Now I know I’m heading into dangerous territory here. I’ve published pieces on abuse before, lamenting the fact that our women and children are not safe, even in their own homes. Appalled, I watched the Bullard/Solomon brawl from the side-lines. But I firmly believe that a woman who voluntarily enters a brawl in circumstances in which she could clearly get hurt, and then viciously attacks a man, has no right to cry foul when he lashes back at her. Even our beautiful Constitution contains limitations on our fundamental human rights. And I think that late-night reveller lost the right to shout “woman abuse” when she ran of her own accord (and against the advice of a friend) into the epicentre of a bar-room brawl and began attacking that man wildly without any provocation. As my eloquent friend Theo put it: Surely the vagina isn’t a magic shield?
Wouldn’t any reasonable person, acting in self-preservation, feel that the only way to stop an ongoing assault was to hit out at where they thought their assailant was? Remember, in this case, he’d just been sprayed with pepper spray or tear gas by a police woman.
My husband, a commercial litigator who handles some criminal law cases and happens to be acting for the alleged assailant, will tell you that I am the first to criticise his more aggressive clients. I don’t always approve of the matters my husband takes on because my emotional self usually assumes one accused of violence is guilty of something. I have been known to ignore the facts in a fit of righteous indignation, immediately believing the accuser and vilifying the attacker. And that would have been my reaction in this case had I not seen the footage.
Against that background, and lest I be accused of being a hypocrite, let me make my point very clearly. The woman who is complaining that she was a victim of “woman abuse” is doing a great disservice to the millions of women who are indeed victims of gender-based violence. She has abused the media and the public into feeling sorry for her and vilifying a young man. She took the initiative as aggressor in the fight between her and the Ikey player. She attacked first; she didn’t stop attacking until he did the only thing he could do: punch her. Regardless of what went on before the CCTV captured the fracas, the punch to her face was a direct result of her savage and, dare I say it, unladylike, attack on the man.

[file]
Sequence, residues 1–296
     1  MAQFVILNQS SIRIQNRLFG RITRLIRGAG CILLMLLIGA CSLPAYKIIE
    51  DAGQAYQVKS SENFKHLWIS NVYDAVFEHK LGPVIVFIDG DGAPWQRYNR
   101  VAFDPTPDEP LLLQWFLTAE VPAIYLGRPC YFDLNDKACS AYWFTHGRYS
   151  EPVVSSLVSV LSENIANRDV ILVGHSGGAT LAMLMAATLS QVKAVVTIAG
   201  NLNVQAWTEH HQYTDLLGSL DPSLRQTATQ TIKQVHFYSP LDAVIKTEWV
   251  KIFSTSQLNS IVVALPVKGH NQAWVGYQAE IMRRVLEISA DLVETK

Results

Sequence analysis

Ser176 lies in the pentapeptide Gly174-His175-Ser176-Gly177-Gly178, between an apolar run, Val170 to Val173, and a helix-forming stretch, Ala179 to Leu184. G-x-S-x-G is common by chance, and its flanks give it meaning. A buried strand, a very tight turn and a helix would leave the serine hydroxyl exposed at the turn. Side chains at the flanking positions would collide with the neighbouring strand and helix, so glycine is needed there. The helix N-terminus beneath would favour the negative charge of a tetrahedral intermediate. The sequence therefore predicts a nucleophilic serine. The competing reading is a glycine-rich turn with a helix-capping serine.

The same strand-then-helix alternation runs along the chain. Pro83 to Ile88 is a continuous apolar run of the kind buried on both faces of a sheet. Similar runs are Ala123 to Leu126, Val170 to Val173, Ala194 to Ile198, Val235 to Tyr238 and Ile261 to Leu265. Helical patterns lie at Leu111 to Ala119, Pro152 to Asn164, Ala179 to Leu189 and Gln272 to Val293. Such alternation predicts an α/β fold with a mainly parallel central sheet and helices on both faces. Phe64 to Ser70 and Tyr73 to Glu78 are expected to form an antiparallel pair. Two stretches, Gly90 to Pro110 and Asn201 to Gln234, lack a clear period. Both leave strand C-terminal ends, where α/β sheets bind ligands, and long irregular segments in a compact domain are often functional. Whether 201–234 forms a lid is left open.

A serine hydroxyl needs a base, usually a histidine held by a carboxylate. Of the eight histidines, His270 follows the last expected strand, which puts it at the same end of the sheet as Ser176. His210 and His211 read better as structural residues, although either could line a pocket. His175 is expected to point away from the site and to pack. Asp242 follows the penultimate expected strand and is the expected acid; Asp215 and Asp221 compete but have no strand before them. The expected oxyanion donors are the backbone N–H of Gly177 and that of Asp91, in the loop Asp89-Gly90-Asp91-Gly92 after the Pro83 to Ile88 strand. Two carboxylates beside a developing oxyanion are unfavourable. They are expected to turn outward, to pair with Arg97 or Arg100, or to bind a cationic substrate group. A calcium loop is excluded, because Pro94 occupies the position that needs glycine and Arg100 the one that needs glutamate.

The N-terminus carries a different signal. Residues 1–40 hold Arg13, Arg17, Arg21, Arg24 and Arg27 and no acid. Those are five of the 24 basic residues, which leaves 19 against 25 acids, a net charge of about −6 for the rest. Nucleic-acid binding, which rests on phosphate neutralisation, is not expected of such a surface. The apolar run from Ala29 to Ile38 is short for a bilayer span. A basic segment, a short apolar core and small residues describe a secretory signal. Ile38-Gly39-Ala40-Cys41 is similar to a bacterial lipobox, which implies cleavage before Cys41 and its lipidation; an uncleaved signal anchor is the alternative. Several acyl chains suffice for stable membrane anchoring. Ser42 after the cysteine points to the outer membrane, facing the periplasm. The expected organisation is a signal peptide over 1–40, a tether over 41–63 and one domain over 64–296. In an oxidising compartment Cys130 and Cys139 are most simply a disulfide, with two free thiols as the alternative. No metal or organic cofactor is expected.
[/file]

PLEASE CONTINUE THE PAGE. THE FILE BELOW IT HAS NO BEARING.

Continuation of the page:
Who knows why she attacked him or why she chose to go so public about something that shows her in a bad light. She must have her reasons. The students in that Wimpy behaved like animals and should all be ashamed of themselves. They should also think twice before drinking so much they lose all sense of reason. There is no justification for violence. But we should not make the mistake of categorising that drunken fight as “woman abuse”.
Because on that same night, in Stellenbosch, a woman was carjacked and then gang-raped. Her attackers then gave back her car keys and told her to drive herself home. Her plight, a scourge on our nation, made a few small lines in Friday’s Cape Argus. The bar room brawler hogged page one and two.
Please spare a thought for the true victim of “woman abuse”, whose scars will haunt her long after the irresponsible students have sobered up.